The AG noted that the fundamental rights to respect for private life and protection of personal data are not absolute; the right to protection of personal data must be considered in relation to its function in society and be balanced against other fundamental rights, in accordance with the principle of proportionality, due weight being given to the right to inform.

Where the data subject plays a public role, the AG said that while the right to inform and the right to be informed prevail, that tendency is reversed where it has been established that the information processed is untrue. Not only does the accuracy of the data constitute one of the conditions of lawfulness of the processing of personal data but the right to freedom of expression and information, which is both active and passive, cannot be placed on an equal footing with the fundamental rights to a private life and protection of personal data when it relates to false information. In this case, the AG said, the prevailing criterion of human dignity, established in Article 1 of the Charter of Fundamental Rights, applied. Untrue information not only infringes the fundamental right of the person concerned to protection of personal data but also ultimately affects his or her dignity in that it puts forward a false representation of him or her, thus altering his or her identity.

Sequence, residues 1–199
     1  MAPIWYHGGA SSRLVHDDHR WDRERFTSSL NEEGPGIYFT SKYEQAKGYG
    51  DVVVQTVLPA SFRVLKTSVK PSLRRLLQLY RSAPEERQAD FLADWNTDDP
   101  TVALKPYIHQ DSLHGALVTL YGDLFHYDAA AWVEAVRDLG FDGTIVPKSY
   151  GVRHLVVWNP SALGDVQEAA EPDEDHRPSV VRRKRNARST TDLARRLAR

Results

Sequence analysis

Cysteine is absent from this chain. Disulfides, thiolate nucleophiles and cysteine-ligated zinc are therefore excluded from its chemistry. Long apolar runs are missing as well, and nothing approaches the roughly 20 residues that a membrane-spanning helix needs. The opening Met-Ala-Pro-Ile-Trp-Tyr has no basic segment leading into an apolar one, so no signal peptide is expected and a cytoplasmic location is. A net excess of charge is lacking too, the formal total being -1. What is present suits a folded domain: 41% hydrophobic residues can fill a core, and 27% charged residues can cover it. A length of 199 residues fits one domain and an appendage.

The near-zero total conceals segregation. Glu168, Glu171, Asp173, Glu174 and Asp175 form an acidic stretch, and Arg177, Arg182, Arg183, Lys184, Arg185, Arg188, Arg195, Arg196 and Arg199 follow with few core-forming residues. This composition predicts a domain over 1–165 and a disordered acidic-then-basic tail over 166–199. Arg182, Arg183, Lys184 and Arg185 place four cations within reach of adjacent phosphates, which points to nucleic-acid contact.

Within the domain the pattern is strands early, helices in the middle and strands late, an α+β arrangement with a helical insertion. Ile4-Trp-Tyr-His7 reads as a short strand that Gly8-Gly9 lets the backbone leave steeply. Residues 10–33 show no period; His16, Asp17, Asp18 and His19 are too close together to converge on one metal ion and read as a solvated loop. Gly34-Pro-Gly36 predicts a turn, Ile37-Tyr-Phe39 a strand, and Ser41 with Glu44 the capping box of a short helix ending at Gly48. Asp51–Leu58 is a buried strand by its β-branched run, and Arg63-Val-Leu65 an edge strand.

Where the truth of the information processed by the operator of the search engine is at issue, balancing the fundamental rights concerned is an important exercise, at least when it has not yet been established whether the information is true or false, the AG said. While the operator of a search engine cannot be required to carry out general monitoring of all content hosted to verify its truth, that operator must also play an active role in eliminating from its search results content that includes false personal data, in accordance with the special responsibility associated with the function of a gatekeeper of information.